Oral Surgery: Removing Impacted Wisdom Teeth

Wisdom teeth are the third set of molars and the last adult teeth to erupt into the mouth. Most people have four wisdom teeth, two on the bottom and two on top. Many people do not have enough room for these molars to emerge completely, causing them to become impacted in the gum. Impacted wisdom teeth are difficult to clean, making them more susceptible to decay and disease. Other dental problems caused by impacted wisdom teeth include pain, damage to surrounding teeth, and bite alignment issues. For these reasons, your dentist may recommend having the impacted teeth removed to prevent future problems.

Surgery to extract an impacted wisdom tooth or set of wisdom teeth is usually an outpatient procedure done in your dentist or oral surgeon’s office. If the tooth or surrounding area are deemed to have an infection prior to the procedure, surgery will be delayed, and your dental professional will likely prescribe antibiotics to help heal the area.

On the day of surgery, local anesthesia will be administered to numb the area where the extracted tooth will be removed. Depending on the severity of your case, your dentist or oral surgeon may also utilize a general anesthetic.

Once the anesthesia has taken effect, an incision will be made to open up the gum and any bone blocking the tooth will be removed. Your dentist or surgeon will then separate the tissue connecting the bone to the tooth and extract the tooth. Some teeth are too large to remove in one piece, in which case your surgeon will cut the tooth into smaller pieces to make it easier to remove. Finally, the incision is closed with stitches and packed with gauze to help alleviate bleeding.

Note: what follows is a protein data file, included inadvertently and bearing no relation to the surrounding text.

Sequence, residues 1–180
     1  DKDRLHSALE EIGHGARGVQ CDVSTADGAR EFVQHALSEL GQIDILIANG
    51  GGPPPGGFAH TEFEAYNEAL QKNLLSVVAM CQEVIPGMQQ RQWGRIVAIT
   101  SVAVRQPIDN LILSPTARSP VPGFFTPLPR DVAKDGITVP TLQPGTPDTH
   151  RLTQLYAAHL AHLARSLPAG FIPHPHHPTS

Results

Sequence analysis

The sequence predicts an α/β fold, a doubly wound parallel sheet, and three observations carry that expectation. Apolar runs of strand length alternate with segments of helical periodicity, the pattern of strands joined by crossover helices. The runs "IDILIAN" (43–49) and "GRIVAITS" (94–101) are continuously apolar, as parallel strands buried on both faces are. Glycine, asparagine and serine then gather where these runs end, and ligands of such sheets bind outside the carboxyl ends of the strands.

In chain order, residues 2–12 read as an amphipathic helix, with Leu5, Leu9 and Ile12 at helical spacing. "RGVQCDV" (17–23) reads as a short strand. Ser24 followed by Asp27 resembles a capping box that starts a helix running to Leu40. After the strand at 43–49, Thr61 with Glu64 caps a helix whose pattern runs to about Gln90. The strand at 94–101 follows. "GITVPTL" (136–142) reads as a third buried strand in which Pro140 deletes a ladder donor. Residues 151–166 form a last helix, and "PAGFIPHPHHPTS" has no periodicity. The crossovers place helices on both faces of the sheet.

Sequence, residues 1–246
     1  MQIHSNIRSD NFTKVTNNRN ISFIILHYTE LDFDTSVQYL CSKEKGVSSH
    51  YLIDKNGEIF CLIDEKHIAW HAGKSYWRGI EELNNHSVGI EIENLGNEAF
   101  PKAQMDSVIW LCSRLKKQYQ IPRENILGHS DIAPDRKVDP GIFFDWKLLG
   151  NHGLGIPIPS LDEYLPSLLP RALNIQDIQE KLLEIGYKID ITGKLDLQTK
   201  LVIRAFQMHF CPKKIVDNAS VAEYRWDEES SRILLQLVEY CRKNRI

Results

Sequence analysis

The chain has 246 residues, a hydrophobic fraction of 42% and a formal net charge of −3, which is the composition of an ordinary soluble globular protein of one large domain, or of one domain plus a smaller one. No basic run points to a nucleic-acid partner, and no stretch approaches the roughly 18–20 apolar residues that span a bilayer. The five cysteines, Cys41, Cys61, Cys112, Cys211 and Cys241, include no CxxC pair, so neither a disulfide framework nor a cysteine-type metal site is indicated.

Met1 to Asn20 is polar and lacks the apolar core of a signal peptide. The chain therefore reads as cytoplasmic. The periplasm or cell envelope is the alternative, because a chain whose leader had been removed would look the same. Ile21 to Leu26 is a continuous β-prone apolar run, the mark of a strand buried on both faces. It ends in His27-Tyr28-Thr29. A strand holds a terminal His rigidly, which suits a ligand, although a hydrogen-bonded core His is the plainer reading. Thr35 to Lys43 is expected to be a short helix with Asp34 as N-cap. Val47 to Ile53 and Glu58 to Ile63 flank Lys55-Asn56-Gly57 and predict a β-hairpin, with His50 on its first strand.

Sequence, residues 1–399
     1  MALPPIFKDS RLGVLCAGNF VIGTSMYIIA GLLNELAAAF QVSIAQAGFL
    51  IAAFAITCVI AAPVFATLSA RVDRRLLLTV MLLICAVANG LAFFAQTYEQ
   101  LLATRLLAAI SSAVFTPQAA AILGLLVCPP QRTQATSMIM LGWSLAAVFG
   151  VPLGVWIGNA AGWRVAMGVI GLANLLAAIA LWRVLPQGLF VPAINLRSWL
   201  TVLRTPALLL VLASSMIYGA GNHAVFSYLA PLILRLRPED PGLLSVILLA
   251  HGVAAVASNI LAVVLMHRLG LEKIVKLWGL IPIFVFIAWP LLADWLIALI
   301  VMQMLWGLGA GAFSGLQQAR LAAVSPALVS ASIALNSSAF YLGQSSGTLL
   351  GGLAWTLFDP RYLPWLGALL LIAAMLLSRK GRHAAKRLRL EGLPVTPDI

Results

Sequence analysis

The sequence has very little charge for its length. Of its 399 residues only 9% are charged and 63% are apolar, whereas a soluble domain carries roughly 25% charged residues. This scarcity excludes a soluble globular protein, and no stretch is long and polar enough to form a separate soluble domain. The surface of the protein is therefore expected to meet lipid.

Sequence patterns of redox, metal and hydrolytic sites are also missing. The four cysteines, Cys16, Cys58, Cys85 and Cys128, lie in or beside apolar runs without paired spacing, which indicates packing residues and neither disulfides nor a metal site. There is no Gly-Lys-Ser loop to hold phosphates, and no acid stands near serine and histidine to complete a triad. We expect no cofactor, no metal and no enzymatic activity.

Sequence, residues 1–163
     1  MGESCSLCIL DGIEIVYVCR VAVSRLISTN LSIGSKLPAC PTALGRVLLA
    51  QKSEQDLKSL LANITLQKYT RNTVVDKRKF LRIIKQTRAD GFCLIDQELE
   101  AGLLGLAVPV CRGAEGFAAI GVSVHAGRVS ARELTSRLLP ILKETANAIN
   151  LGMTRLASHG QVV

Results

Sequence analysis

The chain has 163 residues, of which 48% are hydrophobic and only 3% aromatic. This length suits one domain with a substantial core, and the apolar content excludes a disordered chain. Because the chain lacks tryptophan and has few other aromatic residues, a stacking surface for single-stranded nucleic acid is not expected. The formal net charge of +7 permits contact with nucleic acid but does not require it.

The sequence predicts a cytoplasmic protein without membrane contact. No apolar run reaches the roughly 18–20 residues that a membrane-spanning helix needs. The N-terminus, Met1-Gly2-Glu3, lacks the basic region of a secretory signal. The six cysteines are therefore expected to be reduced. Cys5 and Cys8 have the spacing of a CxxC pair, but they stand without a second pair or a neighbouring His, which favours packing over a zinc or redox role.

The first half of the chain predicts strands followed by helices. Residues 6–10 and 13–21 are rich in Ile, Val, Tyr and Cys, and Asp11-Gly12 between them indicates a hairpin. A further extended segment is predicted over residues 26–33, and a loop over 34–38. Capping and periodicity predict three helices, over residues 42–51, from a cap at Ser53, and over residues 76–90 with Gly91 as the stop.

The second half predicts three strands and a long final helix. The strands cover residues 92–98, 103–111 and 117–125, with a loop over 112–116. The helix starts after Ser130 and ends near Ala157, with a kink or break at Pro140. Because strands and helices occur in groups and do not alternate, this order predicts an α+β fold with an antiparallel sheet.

Long-term complications from impacted wisdom tooth surgery are rare. To ensure a successful recovery from this or any oral surgery, be sure to follow all aftercare instructions provided by your dentist or oral surgeon.


We treat patients from Baltimore and the surrounding area

Signs You May Need Root Canal Treatment

Signs You May Need Root Canal Treatment

Having tooth pain or problems can be one of the most uncomfortable experiences possible. It is hard to ignore because it makes your whole quality of life worse. When infection or decay reaches the inner parts of your tooth, it can cause many miserable symptoms. Often the key is getting root canal treatment to save your tooth and alleviate your symptoms. Here are some warning signs that indicate you might need this type of treatment.

Severe pain:
Although not always present, severe pain sometimes occurs with a tooth that needs root canal therapy. It may be sharp, intense pain or a dull ache that won’t subside. If you experience tooth pain that is severe or lasts for several days, see your dentist for an evaluation. If root canal treatment is necessary, any pain you may have will likely disappear after a successful procedure.

Sensitivity to hot or cold:
Discomfort when consuming hot or cold items is another sign of a problem. Mild sensitivity is usually not a big deal, but actual pain when your tooth hits these temperatures may mean the tooth is in an advanced stage of trouble.

Gum tenderness or inflammation:
Swelling or tenderness is often associated with infection, although it doesn’t always mean infection is present. Your dentist can determine the seriousness of the issues and whether root canal treatment is advised. Watch for tenderness, swelling, or even a lump in the affected area.

Darkened tooth:
Discoloration is a sign that the nerves of a tooth are damaged. The tooth may become gray, black or dark yellow. Tooth discoloration is also related to trauma, damaged fillings or severe decay, so visiting your dentist for a checkup is recommended.

Gum boils:
If lesions similar to a pimple form in the gum tissues, it is called a gum boil. It is usually an accumulation of pus, which can be linked to infection. The boil may be larger or smaller at certain times, depending on the activity of the infection in your mouth. It will feel tender and can cause swelling in the area, and you may notice a bad taste in your mouth.